I'm used to use this formula to find the apparent magnitude of a star

$$m_1 - m_2 = -2.5 log(\frac{f_1}{f_2})$$

If both star are at the same distance from us and their luminosity is the same, does it means that $f_1/f_2 = 1 ?$

Knowing the magnitudes of the system, is there a way to find the magnitude of each star?


1 Answer 1


In that formula, $f_1$ and $f_2$ are not the flux of two stars in a binary system. They are the flux from two different stars. In the typical use of that formula $f_2$ is the amount of light coming from a reference star with known magnitude $m_2$, and $f_1$ is the amount of light measured from your star that you are studying. Knowing $m_2$, $f_1$ and $f_2$ you can calculate $m_1$.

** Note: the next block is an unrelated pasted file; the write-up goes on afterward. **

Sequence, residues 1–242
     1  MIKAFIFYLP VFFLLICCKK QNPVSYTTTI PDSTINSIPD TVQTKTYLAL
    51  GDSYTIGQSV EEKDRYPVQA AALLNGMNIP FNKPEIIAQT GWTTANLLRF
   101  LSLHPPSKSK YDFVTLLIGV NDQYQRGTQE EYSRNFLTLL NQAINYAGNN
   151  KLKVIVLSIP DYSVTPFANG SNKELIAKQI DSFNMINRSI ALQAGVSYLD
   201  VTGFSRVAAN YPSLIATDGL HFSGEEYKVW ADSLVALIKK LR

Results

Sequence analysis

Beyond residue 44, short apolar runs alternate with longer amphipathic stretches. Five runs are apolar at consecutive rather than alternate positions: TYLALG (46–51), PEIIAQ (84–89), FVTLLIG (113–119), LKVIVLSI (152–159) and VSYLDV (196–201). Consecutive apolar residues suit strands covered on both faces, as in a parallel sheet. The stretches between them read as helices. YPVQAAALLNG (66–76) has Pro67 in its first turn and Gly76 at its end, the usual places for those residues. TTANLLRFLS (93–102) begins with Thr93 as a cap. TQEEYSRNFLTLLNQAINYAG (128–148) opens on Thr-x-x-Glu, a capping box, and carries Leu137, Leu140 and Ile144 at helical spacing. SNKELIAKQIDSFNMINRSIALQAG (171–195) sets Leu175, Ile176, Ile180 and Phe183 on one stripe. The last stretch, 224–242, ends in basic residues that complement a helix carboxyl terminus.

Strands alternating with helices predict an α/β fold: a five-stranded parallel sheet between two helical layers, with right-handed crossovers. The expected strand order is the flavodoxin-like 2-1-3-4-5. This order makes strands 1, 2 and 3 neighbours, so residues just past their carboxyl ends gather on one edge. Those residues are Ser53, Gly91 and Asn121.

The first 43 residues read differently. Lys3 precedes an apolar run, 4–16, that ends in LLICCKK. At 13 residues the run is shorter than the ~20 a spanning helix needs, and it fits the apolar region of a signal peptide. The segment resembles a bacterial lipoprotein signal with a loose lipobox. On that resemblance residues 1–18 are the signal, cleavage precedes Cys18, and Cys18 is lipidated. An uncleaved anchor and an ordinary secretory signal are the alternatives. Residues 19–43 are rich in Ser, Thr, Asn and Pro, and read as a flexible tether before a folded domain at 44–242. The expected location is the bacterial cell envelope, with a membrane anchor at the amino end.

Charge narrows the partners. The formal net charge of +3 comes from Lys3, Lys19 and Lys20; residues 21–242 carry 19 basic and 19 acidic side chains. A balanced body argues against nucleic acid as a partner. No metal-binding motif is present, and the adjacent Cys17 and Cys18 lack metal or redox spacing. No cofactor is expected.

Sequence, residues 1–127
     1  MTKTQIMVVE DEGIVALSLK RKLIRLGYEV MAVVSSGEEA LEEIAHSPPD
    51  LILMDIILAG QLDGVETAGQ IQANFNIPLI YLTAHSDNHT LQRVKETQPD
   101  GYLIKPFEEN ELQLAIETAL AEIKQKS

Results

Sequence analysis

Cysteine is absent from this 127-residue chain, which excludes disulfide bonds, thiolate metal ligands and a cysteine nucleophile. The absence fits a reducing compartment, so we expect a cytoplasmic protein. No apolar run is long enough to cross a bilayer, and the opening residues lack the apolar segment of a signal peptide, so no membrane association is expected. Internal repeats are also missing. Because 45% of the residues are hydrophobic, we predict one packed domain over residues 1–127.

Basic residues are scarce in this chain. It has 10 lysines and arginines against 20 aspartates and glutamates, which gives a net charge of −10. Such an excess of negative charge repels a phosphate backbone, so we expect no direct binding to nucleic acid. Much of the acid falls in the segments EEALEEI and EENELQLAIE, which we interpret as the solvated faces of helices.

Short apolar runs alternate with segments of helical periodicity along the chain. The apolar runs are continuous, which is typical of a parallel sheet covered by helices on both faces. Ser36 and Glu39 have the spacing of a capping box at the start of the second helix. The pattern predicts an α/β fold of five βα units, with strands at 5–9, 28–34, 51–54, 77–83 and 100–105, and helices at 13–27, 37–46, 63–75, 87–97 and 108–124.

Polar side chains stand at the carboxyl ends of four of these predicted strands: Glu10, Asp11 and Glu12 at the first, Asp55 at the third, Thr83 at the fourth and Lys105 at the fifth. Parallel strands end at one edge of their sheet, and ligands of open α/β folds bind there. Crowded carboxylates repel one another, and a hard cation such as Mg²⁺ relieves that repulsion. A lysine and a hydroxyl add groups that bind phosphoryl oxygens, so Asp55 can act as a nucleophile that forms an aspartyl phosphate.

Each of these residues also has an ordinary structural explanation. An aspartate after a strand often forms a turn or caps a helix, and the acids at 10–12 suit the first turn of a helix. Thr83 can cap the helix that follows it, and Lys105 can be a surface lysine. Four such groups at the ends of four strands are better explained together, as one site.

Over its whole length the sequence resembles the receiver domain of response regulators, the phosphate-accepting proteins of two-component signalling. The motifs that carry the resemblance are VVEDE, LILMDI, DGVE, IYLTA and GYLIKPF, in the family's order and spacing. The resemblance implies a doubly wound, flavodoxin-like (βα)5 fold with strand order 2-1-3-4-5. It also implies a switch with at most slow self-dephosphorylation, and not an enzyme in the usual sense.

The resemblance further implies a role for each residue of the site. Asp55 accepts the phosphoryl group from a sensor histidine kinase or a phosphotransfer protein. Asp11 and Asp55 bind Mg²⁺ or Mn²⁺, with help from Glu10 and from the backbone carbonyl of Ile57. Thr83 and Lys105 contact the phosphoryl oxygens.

If you are observing a binary system, and you don't know either $m_1$ or $m_2$, you can't use the formula.

However, if you know that the two stars in the binary system have the same brightness, and you know the brightness of the system you can work out the brightness of each. Suppose the system has a magnitude of 5.0 Then this means that relative to a magnitude 0 star the total flux from the system (f) is given by

$$ 5.0 - 0 = 2.5 \log(f/F)$$

where F is the flux from a magnitude 0 star, ie $f=F/10^{5.0/2.5} = 0.01F$

As the flux from each star is half the flux from the system, the flux of each star in the binary is $f_* = 0.005F$

And the magnitude of each star is $m_* - 0 = 2.5 \log (f_*/F)$

That is $m_* = 2.5\log(0.005) = 5.75$

That is a close binary in which each star has magnitude 5.75 would appear as a single magnitude 5.0 star.

More generally if the binary has magnitude $m$, and the two stars are assumed to be equally bright with magnitude $m_*$, then:

$$m_*= 2.5\log (10^{m/2.5}/2) = m + 2.5 \log(2) = m+0.75$$


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